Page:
Monday, November 5, 2007

Dresden Restoration Completed

With the exception of a good soak and block, she is done. 60 x 60, about 3/4 of its original size, and 14 of 20 blocks salvaged. (pictured here 12, I saved 2 for the grand daughter to make a little something for her sister. Its been several months as you know, and a lot of perseverance, not to mention nimble finger work. I so enjoyed the journey, and will cherish the time that I had with Grandmother Amanda's quilt. I know I'm sappy... but, I helped preserve history both in materialness, and sentiment, and it just felt good. I guess as I have told you before, maybe a part of me wishes that it was MY grandmother, not a lil ole lady I never had the pleasure of meeting physically. It just felt right. Thats all I have to say about that. The process?









The entire quilt was disassembled (completly) and those parts that were ragged and torn set aside. Each blade that "made the cut" was reassembled and returned to a plate with the addition of antique feed sacks located online. Walt and I "aged this fabric by method of sea salt, Ocean water, sand, and elbow grease. I then cut new blades to match Grandmas, and reassembled with old blades. Once the plates were remade, the original caps went on, and stitched where needed in center pedal. Reproduction fabric was used for the block foundations. Now the needle turning begins. Thank God I have friends who love me enough to needleturn with me!(again, TY Sharon & Ronda) This process must have taken Amanda a year at best!
Blocks were assembled in rows of 4, and then machine quilted with (thanks be to Ronda sending me that wonderful book!) Hari Walner quilt designs from yesteryear. It is more quilting than Grandma did, but it needed to be down at least this much. Two batts were used, one for foundation (QD cotton) one on top 4 ounce poly for space filling and to preserve old fabrics should they happen to be folded for storage. The backing was again, reproduction polka dot fabric, and the binding the same as the blocks. The fabric label has been left blank for the owners words of wisdom:) It really should hold up well for another hundred years now...smiling....I know that the grand daughter, Mary, will love it always:)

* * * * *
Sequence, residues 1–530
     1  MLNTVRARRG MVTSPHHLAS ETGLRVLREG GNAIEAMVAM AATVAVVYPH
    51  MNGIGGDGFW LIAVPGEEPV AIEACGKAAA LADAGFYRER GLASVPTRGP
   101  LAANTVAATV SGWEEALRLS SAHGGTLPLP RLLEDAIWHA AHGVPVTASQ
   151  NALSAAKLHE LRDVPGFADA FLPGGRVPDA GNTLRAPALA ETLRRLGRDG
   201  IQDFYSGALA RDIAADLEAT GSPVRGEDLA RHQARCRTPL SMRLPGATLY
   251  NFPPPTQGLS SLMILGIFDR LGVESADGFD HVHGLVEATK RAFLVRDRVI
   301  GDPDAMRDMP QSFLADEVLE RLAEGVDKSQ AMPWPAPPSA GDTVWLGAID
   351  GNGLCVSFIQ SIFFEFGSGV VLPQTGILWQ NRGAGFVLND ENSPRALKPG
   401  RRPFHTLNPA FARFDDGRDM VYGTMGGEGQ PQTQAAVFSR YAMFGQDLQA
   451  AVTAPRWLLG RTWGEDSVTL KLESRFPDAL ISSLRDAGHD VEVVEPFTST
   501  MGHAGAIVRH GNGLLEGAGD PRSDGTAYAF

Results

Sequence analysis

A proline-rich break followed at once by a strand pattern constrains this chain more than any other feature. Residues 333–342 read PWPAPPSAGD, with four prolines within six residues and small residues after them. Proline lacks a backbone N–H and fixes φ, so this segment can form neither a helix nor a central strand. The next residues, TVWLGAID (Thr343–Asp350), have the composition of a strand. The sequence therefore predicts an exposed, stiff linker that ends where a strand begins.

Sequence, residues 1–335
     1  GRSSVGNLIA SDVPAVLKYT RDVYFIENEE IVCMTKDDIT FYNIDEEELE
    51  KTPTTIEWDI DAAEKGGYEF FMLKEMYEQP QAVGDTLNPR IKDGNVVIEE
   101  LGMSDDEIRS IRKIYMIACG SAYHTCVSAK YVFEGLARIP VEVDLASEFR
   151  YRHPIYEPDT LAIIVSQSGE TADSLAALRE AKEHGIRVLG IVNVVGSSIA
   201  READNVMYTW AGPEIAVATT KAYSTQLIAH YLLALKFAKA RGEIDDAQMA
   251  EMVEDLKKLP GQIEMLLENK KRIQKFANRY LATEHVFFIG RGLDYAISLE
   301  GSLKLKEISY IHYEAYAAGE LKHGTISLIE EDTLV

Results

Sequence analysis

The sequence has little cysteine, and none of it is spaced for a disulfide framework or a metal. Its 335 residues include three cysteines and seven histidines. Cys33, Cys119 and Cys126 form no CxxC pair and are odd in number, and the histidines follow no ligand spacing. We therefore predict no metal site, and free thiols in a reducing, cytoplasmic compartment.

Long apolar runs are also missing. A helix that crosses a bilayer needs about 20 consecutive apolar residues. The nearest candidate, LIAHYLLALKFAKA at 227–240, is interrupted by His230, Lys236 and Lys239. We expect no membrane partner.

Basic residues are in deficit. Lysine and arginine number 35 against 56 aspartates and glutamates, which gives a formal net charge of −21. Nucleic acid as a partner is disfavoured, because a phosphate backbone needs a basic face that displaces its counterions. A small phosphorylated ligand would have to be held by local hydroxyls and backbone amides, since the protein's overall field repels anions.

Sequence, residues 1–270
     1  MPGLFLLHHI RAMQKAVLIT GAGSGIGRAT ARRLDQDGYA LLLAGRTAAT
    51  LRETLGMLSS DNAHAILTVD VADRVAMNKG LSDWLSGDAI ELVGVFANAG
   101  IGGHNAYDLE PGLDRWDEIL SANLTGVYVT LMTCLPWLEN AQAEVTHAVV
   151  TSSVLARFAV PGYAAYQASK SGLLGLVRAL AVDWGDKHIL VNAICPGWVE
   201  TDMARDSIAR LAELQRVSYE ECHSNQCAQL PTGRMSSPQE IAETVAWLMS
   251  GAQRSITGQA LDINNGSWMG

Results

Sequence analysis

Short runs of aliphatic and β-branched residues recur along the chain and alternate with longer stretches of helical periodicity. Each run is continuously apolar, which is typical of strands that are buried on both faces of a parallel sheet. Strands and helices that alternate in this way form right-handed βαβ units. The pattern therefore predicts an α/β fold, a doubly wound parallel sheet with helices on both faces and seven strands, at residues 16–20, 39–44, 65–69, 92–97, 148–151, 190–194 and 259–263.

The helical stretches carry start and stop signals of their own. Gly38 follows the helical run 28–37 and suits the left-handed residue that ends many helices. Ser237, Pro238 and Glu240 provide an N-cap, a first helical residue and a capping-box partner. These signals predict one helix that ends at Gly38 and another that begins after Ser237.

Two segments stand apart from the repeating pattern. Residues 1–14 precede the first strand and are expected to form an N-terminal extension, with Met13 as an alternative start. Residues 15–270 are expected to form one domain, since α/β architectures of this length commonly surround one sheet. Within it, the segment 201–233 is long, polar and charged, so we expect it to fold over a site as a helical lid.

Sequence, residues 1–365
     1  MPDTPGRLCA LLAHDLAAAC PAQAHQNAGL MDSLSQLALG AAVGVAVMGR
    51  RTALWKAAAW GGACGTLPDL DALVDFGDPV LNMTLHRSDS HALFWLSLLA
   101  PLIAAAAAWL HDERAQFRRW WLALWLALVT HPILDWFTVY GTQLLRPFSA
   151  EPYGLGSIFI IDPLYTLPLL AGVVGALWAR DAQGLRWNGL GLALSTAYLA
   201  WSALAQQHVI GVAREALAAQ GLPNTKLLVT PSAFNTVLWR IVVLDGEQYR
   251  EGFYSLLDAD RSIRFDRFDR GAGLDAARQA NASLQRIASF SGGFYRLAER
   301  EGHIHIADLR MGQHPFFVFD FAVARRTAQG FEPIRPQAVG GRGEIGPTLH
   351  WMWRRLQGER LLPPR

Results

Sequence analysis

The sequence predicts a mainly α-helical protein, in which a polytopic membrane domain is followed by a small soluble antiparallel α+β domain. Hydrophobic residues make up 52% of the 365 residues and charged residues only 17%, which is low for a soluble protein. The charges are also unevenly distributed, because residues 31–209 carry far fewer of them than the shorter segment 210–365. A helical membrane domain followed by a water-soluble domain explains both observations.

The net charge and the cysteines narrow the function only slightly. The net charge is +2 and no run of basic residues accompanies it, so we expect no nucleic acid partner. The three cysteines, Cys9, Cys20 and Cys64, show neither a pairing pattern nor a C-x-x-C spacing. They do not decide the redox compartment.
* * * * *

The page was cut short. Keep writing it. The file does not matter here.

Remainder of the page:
Thanks for listening to my journey all of the way. It has helped to yak about it! It was my greatest restoration challenge to date, exceeding the GFG last year by far. Enjoy the photos. I wish my photographer was handy to get better ones for me. Grunt.

10 comments:

Anonymous said...

Bravo!!! Well done my friend, looks like a completly new quilt, they will be thrilled, lucky them.

Now onto the christmas rush.

LU. B.

Randi said...

Amazing! I am SO PROUD OF YOU!!!

Jackie said...

WOW! Your work on the Dresden plate is amazing!

Anonymous said...

Ok...... you just blew us away. That is just amazing. Great job!

Gayle and Steve

Ronda Beyer said...

WOW, you rock, great job it is fabulous, love it. You did alot of hard work on this and it paid off, thanks for sharing and I am glad I could share in your journey...

Karen Schmidt said...

What a fabulous job Gina!!
You should be very proud.

Deb said...

You are amazing! What a total transformation! Ya did good! More balls than I...tackling something like that...WTG!

Freda said...

The quilt is great Gina.

Freda

Lynn Douglass said...

Holy smokes, Gina! You are awesome! The quilt looks lovely! Happy late anniversary to you and Walt, too. See how much I miss when I'm gone? Sheesh!

Carla said...

I'm amazed at the quilt, Gina. What a tremendous amount of work you've done. The fabrics look tremendous... just beautiful! It's hard to believe this is the same quilt top you had during Ronda's class.

Related Posts with Thumbnails